Displacements, an IMRC podcast series

Conversation with the author: Kim Rygiel, "Fostering Pluralism through Solidarity Activism in Europe"

Episode Notes

Alison Mountz IMRC's Director chats with Kim Rygiel, Associate Director of the IMRC, Associate Professor in the Department of Political Science at Wilfrid Laurier University and the Balsillie School of International Affairs about her new co-edited book with Feyzi Baban, "Fostering Pluralism through Solidarity Activism in Europe: Everyday Encounters with Newcomers", published by Palgrave Macmillan, 2020.

Episode Transcription

Sean Lockwood [00:00:10] Welcome, listeners, to the second episode of the International Migration Research Centre's podcast, Displacements. In our first episode, Alison Mountz, Director of the IMRC, and Kim Rygiel, the center's associate director, discussed Alison's book, "The Death of Asylum Hidden Geographies of the Enforcement Archipelago". In this episode, the roles will be reversed, and Alison and Kim will discuss a new edited collection by Kim and her coauthor, Feyzi Baban, whose new book, "Fostering Pluralism through Solidarity Activism in Europe", was published by Palgrave Macmillan in the fall of 2020. Let's begin with Kim reading an excerpt from the book after which we'll join Alison and Kim's conversation. 

Kim Rygiel [00:00:56] In our own lives, we've spent years living and going between cultures and countries and finding humor, beauty and inspiration in the contrapuntal moments, but also knowing the difficulties, anger, misunderstanding and pain that can also accompany these processes of translation. This book is inspired by the joy, creativity, learning and power that accompanies this exchange of differences from such contrapuntal moments and from the belief that such exchanges are vital to our troubled times. The book highlights writing by academics, activists, artists and members of grassroots movements and civil society organizations that share this vision of the importance of meeting others across our differences and creating together in the process new spaces and ways of being out of a politics of exchange, and particularly in the context of welcoming newcomers into our communities. Many of the book's contributors find their own language to express forms of connectivity, exchange and contrapuntal politics by both exploring other concepts such as cosmopolitanism, conviviality and solidarity and through different forms of expression, including dialogue, multivocality, poetry, drawing and other forms of artistic expression, all of which aim to evoke this idea of living together.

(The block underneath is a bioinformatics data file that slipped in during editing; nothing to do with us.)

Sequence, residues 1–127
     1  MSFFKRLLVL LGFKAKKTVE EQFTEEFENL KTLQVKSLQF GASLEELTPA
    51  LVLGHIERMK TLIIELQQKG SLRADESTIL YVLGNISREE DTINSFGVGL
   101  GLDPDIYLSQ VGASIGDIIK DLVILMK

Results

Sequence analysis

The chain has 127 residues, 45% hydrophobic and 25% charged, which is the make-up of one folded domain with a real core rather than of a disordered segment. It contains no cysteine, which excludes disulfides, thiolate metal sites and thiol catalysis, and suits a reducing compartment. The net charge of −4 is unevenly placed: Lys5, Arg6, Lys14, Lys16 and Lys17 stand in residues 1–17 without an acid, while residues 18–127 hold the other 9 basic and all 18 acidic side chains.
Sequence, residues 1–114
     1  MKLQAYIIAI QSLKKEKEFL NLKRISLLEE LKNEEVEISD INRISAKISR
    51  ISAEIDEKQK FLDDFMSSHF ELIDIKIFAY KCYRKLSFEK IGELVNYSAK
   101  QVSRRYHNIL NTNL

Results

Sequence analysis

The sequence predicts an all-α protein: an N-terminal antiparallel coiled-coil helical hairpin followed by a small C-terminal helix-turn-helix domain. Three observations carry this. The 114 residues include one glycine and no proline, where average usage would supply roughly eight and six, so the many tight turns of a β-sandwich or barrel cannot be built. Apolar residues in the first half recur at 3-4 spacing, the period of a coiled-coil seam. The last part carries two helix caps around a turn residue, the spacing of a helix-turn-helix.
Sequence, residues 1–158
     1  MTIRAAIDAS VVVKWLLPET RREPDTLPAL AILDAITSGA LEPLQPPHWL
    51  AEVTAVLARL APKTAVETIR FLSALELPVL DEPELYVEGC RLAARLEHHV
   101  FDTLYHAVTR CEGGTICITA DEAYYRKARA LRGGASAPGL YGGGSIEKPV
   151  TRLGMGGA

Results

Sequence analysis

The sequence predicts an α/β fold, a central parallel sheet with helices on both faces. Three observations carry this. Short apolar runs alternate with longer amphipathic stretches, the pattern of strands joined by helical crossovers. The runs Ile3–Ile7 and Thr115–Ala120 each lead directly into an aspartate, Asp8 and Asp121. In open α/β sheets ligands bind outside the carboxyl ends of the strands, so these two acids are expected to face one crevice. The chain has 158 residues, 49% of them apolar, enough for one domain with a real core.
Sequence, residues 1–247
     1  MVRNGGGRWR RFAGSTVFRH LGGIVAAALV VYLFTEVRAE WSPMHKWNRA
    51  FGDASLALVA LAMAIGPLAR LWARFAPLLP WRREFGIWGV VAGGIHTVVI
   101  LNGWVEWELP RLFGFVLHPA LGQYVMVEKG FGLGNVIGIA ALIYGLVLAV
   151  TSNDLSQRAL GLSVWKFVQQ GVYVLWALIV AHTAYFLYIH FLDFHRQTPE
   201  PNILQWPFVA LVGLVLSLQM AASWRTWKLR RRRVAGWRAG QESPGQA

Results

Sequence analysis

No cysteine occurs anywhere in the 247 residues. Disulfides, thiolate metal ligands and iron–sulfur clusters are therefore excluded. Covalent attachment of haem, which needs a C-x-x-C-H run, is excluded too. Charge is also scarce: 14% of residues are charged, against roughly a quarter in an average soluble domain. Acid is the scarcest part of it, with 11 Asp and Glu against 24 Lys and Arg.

Alison Mountz [00:02:15] That was Kim Rygiel reading from her new book with Feyzi Baban called "Fostering Pluralism Through Solidarity Activism in Europe". It's such a pleasure to be in conversation with you about your new book.

Kim Rygiel [00:02:25] Thanks, Alison. 

Alison Mountz [00:02:33] I'm really excited about this book. You and Feyzi have edited a collection of 11 essays that are really addressing what it means in our daily lives to open communities to newcomers. I especially love the opening line in your book, and I'm going to quote it. You say, This book, like so many of life's endeavors, arises from both troubles and inspirations, end quote. And your book really opens by enumerating these troubles. But you move on quickly to the inspiration. And this is something that excites me about your book as a migration scholar, which is the hopeful counterpoints that you offer. So you're really exploring these movements premised on solidarity, creativity, cosmopolitanism and cosmopolitanism and conviviality. 

[00:03:38] So, Kim, books take a long time to write, and I want to go back to the beginning of this project to ask you about its origin, what motivated you and Feyzi to write this book and do this research?